feature 509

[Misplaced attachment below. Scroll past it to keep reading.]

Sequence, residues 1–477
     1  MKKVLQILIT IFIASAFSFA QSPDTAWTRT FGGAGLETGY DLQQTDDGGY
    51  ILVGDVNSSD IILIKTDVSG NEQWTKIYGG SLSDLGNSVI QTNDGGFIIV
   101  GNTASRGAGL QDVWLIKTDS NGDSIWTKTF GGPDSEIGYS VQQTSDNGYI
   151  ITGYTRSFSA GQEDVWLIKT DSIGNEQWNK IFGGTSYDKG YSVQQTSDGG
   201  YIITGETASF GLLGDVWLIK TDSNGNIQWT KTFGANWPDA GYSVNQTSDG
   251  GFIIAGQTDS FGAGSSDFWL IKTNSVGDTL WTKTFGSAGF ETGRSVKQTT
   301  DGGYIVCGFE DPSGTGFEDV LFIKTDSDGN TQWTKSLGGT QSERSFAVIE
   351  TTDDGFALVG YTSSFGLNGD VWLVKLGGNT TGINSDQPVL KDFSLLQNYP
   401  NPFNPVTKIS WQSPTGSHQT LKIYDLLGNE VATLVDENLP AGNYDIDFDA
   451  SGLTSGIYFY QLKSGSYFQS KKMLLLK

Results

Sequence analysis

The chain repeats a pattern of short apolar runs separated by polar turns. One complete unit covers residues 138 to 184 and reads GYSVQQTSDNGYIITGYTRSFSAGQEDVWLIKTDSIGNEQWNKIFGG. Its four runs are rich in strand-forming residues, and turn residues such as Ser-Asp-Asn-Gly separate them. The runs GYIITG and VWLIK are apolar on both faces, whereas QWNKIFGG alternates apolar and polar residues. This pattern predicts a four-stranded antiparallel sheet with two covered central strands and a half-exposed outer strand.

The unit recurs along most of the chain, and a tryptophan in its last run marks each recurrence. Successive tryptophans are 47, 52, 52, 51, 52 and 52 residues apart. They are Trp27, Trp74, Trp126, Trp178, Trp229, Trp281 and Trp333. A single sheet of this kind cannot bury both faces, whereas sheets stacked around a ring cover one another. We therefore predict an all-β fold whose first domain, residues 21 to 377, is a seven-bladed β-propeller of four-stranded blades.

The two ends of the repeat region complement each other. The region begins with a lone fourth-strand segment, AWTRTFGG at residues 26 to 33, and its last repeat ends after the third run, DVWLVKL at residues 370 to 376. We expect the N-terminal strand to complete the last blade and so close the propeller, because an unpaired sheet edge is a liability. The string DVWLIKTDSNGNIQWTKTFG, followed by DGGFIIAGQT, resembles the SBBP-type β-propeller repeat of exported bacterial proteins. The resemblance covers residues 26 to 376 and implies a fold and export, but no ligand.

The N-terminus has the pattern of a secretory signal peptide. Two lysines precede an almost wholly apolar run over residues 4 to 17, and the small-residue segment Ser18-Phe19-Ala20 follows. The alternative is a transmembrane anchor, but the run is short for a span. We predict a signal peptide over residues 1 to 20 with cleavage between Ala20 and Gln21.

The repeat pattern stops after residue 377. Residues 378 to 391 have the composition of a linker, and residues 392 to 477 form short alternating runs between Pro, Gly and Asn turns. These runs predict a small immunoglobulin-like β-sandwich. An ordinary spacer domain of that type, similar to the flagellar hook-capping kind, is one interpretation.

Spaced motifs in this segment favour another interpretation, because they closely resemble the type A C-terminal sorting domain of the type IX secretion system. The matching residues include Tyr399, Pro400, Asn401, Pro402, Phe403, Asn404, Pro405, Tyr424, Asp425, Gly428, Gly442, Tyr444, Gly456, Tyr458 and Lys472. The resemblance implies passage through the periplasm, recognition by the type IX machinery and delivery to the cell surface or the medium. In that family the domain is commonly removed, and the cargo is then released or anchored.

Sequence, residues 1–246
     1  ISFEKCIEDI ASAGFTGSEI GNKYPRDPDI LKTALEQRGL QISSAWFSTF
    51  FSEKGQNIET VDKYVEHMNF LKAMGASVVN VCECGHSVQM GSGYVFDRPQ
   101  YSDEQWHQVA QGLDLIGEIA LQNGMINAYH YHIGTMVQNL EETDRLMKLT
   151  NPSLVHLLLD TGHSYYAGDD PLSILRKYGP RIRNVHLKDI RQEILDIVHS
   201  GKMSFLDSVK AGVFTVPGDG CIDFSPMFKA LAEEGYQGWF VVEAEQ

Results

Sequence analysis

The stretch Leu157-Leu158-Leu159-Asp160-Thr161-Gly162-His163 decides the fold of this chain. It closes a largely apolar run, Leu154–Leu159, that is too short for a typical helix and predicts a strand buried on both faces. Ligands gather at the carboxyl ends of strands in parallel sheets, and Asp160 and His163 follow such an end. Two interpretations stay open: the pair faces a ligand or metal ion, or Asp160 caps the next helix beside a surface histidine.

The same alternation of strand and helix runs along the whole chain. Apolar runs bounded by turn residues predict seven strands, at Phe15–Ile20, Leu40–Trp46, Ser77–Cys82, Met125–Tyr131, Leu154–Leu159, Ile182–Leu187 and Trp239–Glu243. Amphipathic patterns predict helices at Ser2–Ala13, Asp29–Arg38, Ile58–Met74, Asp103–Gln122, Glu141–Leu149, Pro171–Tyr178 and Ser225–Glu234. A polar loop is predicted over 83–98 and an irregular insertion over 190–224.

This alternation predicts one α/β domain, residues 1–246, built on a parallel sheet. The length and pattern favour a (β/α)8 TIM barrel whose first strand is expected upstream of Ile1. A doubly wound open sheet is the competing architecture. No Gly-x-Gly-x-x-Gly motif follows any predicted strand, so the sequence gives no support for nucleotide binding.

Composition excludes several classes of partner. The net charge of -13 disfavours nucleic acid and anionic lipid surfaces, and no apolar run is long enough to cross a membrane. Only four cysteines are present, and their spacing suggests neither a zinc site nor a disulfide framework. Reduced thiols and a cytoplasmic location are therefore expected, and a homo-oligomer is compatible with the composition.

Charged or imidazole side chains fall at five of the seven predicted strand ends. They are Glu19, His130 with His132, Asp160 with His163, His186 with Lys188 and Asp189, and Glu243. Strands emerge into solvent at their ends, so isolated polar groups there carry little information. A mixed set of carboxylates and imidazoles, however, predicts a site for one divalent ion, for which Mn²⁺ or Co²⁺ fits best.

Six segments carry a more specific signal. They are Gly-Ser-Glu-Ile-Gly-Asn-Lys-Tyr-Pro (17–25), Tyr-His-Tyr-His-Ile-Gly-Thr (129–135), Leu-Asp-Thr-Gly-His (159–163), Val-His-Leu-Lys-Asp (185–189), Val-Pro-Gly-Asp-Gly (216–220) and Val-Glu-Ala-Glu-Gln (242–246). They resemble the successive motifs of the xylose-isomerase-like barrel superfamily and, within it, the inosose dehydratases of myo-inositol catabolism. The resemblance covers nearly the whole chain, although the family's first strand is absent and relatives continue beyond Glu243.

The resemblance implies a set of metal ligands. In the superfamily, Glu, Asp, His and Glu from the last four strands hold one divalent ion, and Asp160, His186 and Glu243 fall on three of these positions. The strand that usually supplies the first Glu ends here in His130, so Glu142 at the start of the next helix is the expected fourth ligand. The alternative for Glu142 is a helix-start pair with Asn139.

Sign wars: Confusion reigns when the medium is the message By Chris Woodall Montreal is infamous for the battles between the "tongue troopers" — the language law enforcers — and the anglo or other ethnic business owners who dare to have signage without French wording. A business sign is as personal for the owner as his or her own name. What it looks like and what it says mean a lot to the retailer. In Whistler, if you take away the language element, the fight looks similar: retailers trying to put their best "face" forward, versus municipal officials sticking their noses in to tell the businessperson to change the sign or lose it. That's how the retail side sees it. From Whistler Bylaw's point of view, if they don't enforce the rules guiding business signs, Whistler would soon look like some trashy strip mall instead of the best ski resort in the known universe. The complaints from the retail side are loud and persistent, yet the bending or out right breaking of municipal sign bylaws is widespread. Mom and pop boutiques do it. Whistler/Blackcomb does it. "There's a certain amount of confusion," says Chris Bishop. His business card says he's a municipal planning technician, but when it comes to signage, he's the Sign Pope. Bishop's "confusion" comment goes for both sides: of retailers not doing their homework before spending thousands of dollars on a spiffy new sign, and of Bylaw officers a little too zealous when it comes to enforcing the law. When Katmandu moved from Function Junction to open its sporting goods store in Marketplace, the owners attached three balloons on either side of their sign to celebrate their opening. A Bylaw officer came by to order the balloons removed that same day. Bishop admits the officer was a little hasty. "For a grand opening, if the balloons were up for a day or two, that's fine." The same goes for banners announcing the store's initial presence, but they have to come down after a few days. Banners in general are prohibited unless they promote a community event. There are limits to how long the banner can be up and where it can be hung. Sorry, but "Buy one get two free" is not a community event, nor is posting a banner that is nothing more than a corporate logo. Whistler/Blackcomb is in trouble here. Go to the Blackcomb Day Lodge and look for the Fuji film and Owens-Corning banners. Sorry, big guy, they are not allowed. If the Fuji and Owens-Corning banners had words to the effect of promoting a particular ski or snowboard event, however, then they can stay up while the event is on. Banner violators are everywhere. Moe's Deli & Bar has more than one. And then there is Mountain World. The super arcade's transgressions are, literally, huge. It has massive banners hanging from the Conference Centre banner poles that are not supposed to be there. Colourful, yes, but also illegal. "The banners are going to have to come down," Bishop says. The stairway entrance to Mountain World presented another problem. "The painted entry, while not a sign, was a concern," the sign pope says. The garish colours and cartoony design doesn't fit in with Whistler's resort look. "But when we looked at the alternative of keeping the grey concrete walls, we decided the painting fits in with what they are about," Bishop says. Lighting is always a challenge. Neon signs are not permitted, but can be hung in the window. But even this has its problems. "They are the ones that drive us nuts," Bishop says. Many businesses have neon "OPEN" signs, which Bishop says are strictly not wanted because they don't add any artistic value to the look of the location. The Village Square liquor store, however, has a quite acceptable neon golfer and skier that is "really well done," in Bishop's view. As for strings of lights, anything that flashes or "runs" is outside the law. "If the lights are steadily on, that's okay," Bishop says. "We don't want a Las Vegas scene here." Sandwich boards are verboten, too. Popular with a range of retailers, from clothiers like Le Chateau to Whistler/Blackcomb's Wizard Grill, they have to go. "They clutter things up, especially for snow clearing in winter," Bishop says. "The sandwich signs tend to get farther and farther away from the store front." When one retailer gets nabbed for violating the sign bylaws, the first thing he or she is apt to say is why Store X up the street gets away with the same thing. "If we don't spot it, we can't act on it," Bishop explains. "If we get a complaint we can act on it." A lot of times it's merely a case of the retailer not having obtained their sign permit. "I believe there's a sign permit along with the business permit," Bishop says, perhaps hinting that new retailers are being wilfully ignorant of completing the sign permit form... and the $40 fee for each sign. The sign police can be flexible, as long as the retailer works with them and shows some imagination. Take the Delta Whistler Village Suites hotel, for example. The large complex on the main drag into Whistler Village was looking for a different sign and came up with the idea of lettering along a massive rough-hewn log. Strictly speaking, that sign would be illegal because it isn't attached to the premises. But Delta was given the thumbs up when the sign design went to the municipality's design panel and then to the public art committee. "It has halo lighting (each letter is lit from behind), which is more desirable than face lighting that clutters up the sign area with hardware," Bishop says of the negotiations that went on. It's thought the logs will look even better as landscaping matures to provide a lusher look. The Pinnacle Hotel is another case where the sign, although separate from the building, was allowed. It was a sheet of blue-green glass etched with the hotel's name and lighted from below, until vandals broke it. The black granite slab that replaced the glass, however, leaves a lot to be desired, Bishop says. "They went with that because they needed something up for the season." In another case, negotiations solved a sign fight involving the Crab Shack. The Crab Shack felt that its location, just outside the main pedestrian village area, justified hanging a sign that faced the highway — a big no-no. The Crab Shack argued that it had to have some way to make its presence known because foot traffic wasn't naturally flowing by its door and so needed exposure to passing vehicles. "Our policy in the past was to allow very limited signage facing the highway because it gives Whistler a strip mall feel," Bishop says. The compromise is to allow the sign, but powered at a lower wattage than normal so it isn't as gaudy as it might be. An unresolved contest of wills continues between Bylaw and Kypriaki Norte restaurant. Located in the Timberline Hotel, Kypriaki's front door is set back from the sidewalk enough that if you stand on the sidewalk between Buffalo Bill's and Mountain World, you can't see it. Owner Kike Redondo would like to put a sign facing east into the village at the base of the stairs leading to his entrance. He can't because the sign isn't attached to the building proper. "It's a big investment and I work my ass off here," Redondo says of operating a restaurant. "It's frustrating to see places next door and they're packed, but friends coming up from Vancouver say they can't find your place." "At times it seems a bit bureaucratic," Bishop admits. "But for the most part we try to work with the applicant. There is an appeal process: they can go to council for a review. "The retailer shouldn't assume that if they can't have one kind of sign that they can't have another type," Bishop says. Changes to Whistler's sign bylaws are in the works, but they won't be happening over night. The latest sign bylaws came into effect in 1989. "We're trying to bring the bylaws into the late 1990s by looking at what other resorts are doing," Bishop explains. Sign bylaws can effectively help the look of a resort a lot, but Whistler's signs have tended to develop a "cookie cutter" look, the sign pope says — although that is do at least in part to a past municipal hall practice of requiring all signs in one building to be of the same style. Bishop opens a booklet defining commercial sign guidelines for the Mont Tremblant resort in Quebec. This is the future, Bishop says, pointing to photographic examples of retail signs that use imaginative iron wrought brackets and, best of all, three-dimensional signs. A grocery store's sign is a large and colourful wheelbarrow of garden vegetables and fruit. A flower shop's sign is a 3-D bouquet. Other stores have signs in a variety of shapes that aren't rectangles or roundels. Imagine, for an instant, if a Whistler snowboard shop featured a honking great snow board blasting out of its sign; or a photo shop displaying a monster camera; or a full-on teddy bear hanging outside a gift emporium. "A lot of our brackets are really boring," Bishop says as an example. "I'm not saying copy Tremblant, but we can use them as a source for ideas." But there's always going to be a limit. "There are so many retailers who select a location and try to add more and more signage to attract people to their store, we have to draw the line," Bishop says.